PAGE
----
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L ET TER
To the AUTHOR of the
OF THE GROUNDS and REASONS
OF T HE
In ANSWER to
. .. With a
If my (novel] Sense of the Prophesy [Behold a Virgin shall con
ceive, &c.] will not serve, some other Sense may in Time be · found out.
Green's Letters, p. 85. Thou maylt be sure it is true, tho there should be ten thousand Dit culties objected to thee, which thou art not able to answer.
LOBB's Brief Defence, p. 97.
o g HE Delay of the Publication of
the following Letter, &c. gives me
an Opportunity to add something N G in this place on Occasion of a new Book of Mr. GREEN’, intitled, A Discourse proving the Resurrection of Christ, and jewing that it is a sufficient Demonstration of the Truth of Christianity.
I. Mr. GREEN, after observing that the (a) Reader will find a Reflection or two on some Passages in a Discourse of the Grounds, &c. adds, that his taking Notice of this Book, after having lately made fome Remarks upon it in five Letters to the Author, does not proceed from any Disrespect to that Gentleman, but a Regard to Truth. And therefore, having been told that I (6) inhnuate, says Mr. GREEN, that the faid Author is an Enemy to natural Religion, I freely own, that had i been sensible, that my Words would have borne fuchConstruction, I should have expressed myself in a different Manner,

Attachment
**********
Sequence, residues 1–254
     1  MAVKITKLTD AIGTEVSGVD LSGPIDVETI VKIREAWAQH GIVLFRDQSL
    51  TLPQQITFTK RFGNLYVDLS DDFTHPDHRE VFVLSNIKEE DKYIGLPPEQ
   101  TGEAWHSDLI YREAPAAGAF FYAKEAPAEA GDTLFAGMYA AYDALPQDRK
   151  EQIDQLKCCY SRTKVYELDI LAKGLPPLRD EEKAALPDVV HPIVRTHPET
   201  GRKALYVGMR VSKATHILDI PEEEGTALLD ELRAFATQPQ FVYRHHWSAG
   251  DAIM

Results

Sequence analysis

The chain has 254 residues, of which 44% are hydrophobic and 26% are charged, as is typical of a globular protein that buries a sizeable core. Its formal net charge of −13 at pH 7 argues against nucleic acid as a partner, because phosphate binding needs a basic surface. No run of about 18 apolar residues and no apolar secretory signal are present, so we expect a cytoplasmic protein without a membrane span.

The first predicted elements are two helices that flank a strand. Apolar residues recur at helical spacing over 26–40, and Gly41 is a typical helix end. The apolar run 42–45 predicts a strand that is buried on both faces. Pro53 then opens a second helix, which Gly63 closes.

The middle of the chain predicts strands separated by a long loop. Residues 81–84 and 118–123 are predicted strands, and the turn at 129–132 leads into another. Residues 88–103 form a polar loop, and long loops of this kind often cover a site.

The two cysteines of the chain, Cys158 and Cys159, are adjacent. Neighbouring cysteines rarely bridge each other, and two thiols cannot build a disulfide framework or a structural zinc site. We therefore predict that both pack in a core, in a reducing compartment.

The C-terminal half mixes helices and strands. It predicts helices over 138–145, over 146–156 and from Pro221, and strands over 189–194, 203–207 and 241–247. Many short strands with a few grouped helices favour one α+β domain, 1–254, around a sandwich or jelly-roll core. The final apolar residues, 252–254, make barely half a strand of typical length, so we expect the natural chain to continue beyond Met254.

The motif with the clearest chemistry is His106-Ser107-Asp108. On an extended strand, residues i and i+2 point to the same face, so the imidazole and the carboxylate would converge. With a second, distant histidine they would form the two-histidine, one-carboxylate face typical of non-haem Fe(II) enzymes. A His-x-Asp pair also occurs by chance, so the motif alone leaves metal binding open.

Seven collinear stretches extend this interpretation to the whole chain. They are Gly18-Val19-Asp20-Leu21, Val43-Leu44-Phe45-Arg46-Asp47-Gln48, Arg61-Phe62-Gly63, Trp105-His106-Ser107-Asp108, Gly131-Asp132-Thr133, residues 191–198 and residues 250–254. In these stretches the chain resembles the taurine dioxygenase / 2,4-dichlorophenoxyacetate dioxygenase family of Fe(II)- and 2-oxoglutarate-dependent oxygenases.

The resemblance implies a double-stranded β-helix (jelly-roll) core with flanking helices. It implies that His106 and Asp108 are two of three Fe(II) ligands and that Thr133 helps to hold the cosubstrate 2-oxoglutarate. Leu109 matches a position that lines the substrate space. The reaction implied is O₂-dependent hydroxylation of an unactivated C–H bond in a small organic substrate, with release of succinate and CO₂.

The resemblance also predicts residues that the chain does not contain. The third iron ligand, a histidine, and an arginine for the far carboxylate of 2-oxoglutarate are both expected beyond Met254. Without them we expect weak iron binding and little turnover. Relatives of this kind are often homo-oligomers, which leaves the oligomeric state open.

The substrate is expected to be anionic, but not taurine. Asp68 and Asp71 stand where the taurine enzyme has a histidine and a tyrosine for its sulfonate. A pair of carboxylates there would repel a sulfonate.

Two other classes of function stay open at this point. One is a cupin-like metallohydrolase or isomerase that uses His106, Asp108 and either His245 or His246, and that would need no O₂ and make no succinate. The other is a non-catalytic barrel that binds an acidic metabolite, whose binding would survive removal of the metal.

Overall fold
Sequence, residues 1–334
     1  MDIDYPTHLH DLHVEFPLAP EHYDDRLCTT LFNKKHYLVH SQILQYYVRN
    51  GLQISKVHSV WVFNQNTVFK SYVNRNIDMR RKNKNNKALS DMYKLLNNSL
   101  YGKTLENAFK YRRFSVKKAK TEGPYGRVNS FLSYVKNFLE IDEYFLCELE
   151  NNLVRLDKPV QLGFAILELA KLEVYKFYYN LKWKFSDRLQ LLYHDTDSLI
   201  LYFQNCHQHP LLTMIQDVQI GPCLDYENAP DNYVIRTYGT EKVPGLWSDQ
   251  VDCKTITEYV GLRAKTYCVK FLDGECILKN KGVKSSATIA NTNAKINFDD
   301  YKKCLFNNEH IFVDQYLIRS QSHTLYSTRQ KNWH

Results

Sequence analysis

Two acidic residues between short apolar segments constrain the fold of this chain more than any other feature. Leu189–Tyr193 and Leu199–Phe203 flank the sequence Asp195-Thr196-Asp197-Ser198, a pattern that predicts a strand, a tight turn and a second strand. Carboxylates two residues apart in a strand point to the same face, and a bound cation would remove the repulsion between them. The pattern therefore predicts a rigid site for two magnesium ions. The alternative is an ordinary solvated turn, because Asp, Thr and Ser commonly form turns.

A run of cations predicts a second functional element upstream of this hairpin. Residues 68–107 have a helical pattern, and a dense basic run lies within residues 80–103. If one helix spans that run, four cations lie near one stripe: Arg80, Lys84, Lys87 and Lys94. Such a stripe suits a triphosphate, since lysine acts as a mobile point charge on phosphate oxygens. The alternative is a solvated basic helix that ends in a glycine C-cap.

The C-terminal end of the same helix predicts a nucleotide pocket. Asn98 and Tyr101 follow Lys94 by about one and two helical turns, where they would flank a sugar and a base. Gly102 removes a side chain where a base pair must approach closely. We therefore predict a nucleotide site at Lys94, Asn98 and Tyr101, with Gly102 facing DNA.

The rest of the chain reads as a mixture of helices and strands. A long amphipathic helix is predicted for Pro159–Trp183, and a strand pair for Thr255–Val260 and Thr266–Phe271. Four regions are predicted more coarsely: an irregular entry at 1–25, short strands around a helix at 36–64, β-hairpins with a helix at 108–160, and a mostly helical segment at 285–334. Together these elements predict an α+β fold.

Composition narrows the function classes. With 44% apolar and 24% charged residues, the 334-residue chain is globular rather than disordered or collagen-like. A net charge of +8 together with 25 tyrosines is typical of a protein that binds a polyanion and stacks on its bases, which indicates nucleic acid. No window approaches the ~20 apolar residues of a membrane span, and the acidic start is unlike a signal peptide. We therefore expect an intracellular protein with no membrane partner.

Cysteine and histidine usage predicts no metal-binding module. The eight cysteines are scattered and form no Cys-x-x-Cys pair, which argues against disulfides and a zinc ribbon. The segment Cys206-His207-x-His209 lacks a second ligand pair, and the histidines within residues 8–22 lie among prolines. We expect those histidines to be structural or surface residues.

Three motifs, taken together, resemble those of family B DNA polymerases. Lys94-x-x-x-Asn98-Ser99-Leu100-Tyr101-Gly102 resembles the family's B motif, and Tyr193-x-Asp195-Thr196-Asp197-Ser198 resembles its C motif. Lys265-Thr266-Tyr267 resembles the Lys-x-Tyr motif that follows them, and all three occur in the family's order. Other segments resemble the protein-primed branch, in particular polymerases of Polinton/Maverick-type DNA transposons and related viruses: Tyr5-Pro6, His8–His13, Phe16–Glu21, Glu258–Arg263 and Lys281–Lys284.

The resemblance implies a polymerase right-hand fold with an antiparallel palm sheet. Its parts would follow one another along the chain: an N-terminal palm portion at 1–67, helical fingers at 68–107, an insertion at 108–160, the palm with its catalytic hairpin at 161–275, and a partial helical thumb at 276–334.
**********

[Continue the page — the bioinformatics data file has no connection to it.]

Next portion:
(6) Letters, p. 26.
Upon which I think it proper to make the following Observations.
1. Writing against a Book, we conceive erroneous, is so reasonable a Thing, has so direct a Tendency to the Information of Men, and is also so kind, civil, and humane in itfelf, (as implying Good-will to the Author of the Book and to all the World,) that to make an Apology for such Writing, as not proceeding from Disrespect to the Author, is either charging others with being ridiculously offended, or supposes some disrespectful Design or Conduct, which needs an Assurance in Words, that no DisrespeEt was intended, in order to qualify what would probably be deem'd disrespectful. But however This be, Mr. Green had no Need to make any Apology on Account of the Author he opposes ; that Author being, I am perswaded, not in the least concern’d about any Difrespeet Thewn him, who could not publish such a Work, as he has done, without supposing and despising Disrespekt ; which I own I am surprized to find injures not him in the World's Opinion, but only those, who use it, insomuch, that for their own Sakes they are forced to make Apologies. .
2. Professions (and even the most folemn Afleverations) are of no. Weight, when Men are under Accusations of Guilt; and Men are to be tried by the Facts, upon which the Accusations are grounded, and not by Professions subsequent to those Accusations. Is there any Difficulty in supposing, that a Man,